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Int J Oncol. 2004 Dec;25(6):1801-7.

Equiguard suppresses androgen-dependent LNCaP prostate cancer cell proliferation by targeting cell cycle control via down regulation of the retinoblastoma protein Rb and induction of apoptosis via the release of cytochrome c.

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1
Department of Biochemistry and Molecular Biology, New York Medical College, Valhalla, NY 10595, USA.

Abstract

Lack of life-prolonging therapies has provided much of the impetus for seeking complementary and alternative management/treatment options by prostate cancer (CaP) patients. Among these, the use of dietary supplements and botanical products has been showing a sustained increase in recent years, owing in part to some encouraging pre-clinical and clinical data shown in a limited number of herbal products. Notably, however, the majority of herbal and dietary supplement products have not been rigorously studied with regard to their efficacy. In vitro mechanistic experiments are considered essential preludes and requisites to more lengthy and costly animal and human studies, in that they may provide relevant insights and scientific basis for effects some of these products purportedly might demonstrate. In vitro studies in our laboratory have shown that a polyherbal supplement, Equiguard, exhibits anti-tumor activity against hormone dependent LNCaP cells cultured in both androgen-proficient (FBS) and -deficient (CS-FBS) conditions. Clinically relevant anti-prostate cancer effects of Equiguard are vividly illustrated by growth suppression and down regulated expression of prostate specific genes, respectively, androgen receptor (AR) and prostate specific antigen (PSA). However, the mechanistic bases contributing to these effects have not been well characterized. This communication describes experiments aimed at further understanding growth arrest elicited by Equiguard in LNCaP cells cultured in FBS and CS-FBS conditions. We have focused on aspects of cell cycle control and induction of apoptosis. Regulation of cell cycle progression by Equiguard was analyzed by examining changes in the expression of Rb and cyclins D/E. Using Western blot analysis, we showed that treatment caused inhibition of Rb phosphorylation, which was accompanied by the reduction of cyclins D/E expression, in both culture conditions. Moreover, cells treated with Equiguard and cultured with FBS-supplemented media showed up-regulation of cyclin-dependent kinase inhibitor Kip1/p27. These results support the interpretation that suppression of Rb phosphorylation mediated the observed growth arrest induced by Equiguard under androgen-proficient condition. In contrast, Equiguard-treated cells cultured in CS-FBS had lowered expression of the Kip1/p27, suggesting that different control mechanisms, possibly evoked by changes in cellular microenvironments, contributed to growth suppression by Equiguard. The growth suppressive effects of Equiguard in both culture conditions were also evaluated with respect to induction of apoptosis. While Equiguard elicited apoptosis was accompanied by an increase in the level of cytosolic cytochrome c, the relative accumulation of cytochrome c in the cytosol was unaffected by culture conditions. These results suggest that the ability to trigger apoptosis as one aspect of the control of cell growth by Equiguard is integrally linked to the release of cytochrome c, by a mechanism largely independent of the presence of androgens.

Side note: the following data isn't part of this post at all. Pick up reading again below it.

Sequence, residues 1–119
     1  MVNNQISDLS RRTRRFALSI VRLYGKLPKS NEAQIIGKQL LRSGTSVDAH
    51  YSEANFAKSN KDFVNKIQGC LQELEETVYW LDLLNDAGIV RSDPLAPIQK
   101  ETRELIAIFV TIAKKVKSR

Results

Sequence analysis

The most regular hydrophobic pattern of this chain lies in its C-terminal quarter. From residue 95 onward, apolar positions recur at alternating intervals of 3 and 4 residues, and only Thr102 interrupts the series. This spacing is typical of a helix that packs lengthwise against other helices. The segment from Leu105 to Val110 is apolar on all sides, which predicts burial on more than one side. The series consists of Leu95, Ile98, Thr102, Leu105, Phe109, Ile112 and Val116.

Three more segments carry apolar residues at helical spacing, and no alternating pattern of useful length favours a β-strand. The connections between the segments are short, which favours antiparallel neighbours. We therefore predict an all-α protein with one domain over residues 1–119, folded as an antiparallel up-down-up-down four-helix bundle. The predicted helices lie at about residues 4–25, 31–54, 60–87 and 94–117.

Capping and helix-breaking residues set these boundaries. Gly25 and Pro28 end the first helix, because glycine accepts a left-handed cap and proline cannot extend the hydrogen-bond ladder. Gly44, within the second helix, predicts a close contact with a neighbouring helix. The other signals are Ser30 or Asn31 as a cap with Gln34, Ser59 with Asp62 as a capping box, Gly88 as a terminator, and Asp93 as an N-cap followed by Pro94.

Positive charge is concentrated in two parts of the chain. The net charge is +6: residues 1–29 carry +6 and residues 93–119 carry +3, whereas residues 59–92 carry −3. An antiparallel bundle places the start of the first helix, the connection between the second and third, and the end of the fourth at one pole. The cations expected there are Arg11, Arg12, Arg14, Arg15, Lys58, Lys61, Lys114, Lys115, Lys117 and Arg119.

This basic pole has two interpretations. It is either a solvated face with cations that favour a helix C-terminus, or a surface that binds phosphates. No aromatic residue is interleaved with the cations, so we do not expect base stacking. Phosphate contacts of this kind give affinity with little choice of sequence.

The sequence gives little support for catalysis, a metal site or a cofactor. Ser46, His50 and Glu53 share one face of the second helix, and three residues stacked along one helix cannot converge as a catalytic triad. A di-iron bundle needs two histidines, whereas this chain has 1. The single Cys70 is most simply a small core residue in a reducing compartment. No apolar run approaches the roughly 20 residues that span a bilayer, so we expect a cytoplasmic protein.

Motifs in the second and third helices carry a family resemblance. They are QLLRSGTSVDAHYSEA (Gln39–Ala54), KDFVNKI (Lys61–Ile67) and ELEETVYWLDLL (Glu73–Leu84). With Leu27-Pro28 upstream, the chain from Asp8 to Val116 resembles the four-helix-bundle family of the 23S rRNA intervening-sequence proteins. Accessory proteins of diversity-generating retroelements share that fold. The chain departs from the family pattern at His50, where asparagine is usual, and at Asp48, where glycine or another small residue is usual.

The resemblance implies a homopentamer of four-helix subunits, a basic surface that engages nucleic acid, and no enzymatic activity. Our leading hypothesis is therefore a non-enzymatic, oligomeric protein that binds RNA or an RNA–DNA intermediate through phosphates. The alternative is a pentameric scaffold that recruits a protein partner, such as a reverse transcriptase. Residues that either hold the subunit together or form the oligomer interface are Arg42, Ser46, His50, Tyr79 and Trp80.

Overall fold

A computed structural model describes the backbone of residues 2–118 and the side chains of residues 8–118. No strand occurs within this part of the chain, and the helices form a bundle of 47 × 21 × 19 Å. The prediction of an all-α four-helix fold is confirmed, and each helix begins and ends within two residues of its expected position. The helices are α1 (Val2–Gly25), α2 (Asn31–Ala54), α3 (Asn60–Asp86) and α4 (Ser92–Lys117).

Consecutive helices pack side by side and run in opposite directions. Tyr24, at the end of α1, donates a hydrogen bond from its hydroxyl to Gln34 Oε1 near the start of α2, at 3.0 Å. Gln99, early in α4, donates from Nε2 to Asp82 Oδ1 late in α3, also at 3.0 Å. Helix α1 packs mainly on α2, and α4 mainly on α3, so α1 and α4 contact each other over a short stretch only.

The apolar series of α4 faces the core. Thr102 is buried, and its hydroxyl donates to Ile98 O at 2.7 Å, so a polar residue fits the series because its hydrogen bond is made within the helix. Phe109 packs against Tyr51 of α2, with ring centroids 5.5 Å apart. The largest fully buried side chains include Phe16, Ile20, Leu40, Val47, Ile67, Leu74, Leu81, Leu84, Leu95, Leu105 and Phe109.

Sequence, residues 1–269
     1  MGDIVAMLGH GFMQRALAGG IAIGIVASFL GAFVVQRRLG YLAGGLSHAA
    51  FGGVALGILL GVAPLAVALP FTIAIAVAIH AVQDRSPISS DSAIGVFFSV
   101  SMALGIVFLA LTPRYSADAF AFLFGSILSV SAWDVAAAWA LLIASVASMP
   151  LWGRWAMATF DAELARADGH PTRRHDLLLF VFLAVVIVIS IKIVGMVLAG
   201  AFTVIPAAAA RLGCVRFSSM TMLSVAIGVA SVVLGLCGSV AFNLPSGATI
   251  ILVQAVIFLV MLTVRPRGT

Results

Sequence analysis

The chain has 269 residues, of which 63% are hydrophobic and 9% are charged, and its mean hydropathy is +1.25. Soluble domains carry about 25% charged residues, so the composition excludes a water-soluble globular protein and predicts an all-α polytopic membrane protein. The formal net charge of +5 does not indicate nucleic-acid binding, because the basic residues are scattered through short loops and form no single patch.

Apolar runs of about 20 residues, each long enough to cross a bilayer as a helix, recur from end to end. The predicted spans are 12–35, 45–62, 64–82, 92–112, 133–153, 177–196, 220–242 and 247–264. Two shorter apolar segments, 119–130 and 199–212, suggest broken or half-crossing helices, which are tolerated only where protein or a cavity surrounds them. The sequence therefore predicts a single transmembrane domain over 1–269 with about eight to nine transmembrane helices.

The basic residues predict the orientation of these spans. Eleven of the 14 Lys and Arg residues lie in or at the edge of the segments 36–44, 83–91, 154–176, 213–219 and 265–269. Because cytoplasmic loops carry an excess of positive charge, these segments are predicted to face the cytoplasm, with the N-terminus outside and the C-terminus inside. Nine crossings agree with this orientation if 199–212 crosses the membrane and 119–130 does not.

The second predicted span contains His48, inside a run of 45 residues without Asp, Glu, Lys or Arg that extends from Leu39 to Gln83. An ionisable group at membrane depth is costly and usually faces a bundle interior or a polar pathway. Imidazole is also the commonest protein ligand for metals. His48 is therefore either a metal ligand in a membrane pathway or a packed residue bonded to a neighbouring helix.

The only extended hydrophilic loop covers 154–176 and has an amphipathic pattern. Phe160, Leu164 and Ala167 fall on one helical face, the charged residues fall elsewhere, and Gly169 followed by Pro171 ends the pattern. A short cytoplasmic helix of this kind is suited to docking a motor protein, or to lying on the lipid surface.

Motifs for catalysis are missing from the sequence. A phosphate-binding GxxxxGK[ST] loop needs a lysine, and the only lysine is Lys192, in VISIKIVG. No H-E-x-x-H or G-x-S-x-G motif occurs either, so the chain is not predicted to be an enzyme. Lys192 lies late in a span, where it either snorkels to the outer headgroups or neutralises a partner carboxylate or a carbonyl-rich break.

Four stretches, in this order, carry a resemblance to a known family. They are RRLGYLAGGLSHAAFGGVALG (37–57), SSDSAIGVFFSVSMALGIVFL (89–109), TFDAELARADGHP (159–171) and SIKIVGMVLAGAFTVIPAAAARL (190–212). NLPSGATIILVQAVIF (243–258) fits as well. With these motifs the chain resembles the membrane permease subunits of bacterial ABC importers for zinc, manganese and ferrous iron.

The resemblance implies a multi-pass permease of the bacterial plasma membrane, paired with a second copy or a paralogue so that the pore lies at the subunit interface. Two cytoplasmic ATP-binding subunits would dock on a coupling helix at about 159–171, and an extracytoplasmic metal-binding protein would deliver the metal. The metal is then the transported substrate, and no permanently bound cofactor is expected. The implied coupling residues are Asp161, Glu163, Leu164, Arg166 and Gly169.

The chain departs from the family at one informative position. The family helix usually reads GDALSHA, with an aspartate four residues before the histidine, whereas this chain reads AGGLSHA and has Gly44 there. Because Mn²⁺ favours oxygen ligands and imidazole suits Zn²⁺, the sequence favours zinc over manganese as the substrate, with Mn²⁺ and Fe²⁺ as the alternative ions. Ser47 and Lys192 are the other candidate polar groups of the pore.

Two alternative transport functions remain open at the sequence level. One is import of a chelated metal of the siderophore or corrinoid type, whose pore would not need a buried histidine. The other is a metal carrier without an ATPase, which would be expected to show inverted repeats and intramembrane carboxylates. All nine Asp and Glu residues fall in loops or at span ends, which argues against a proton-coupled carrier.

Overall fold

PMID:
15547720
[Indexed for MEDLINE]
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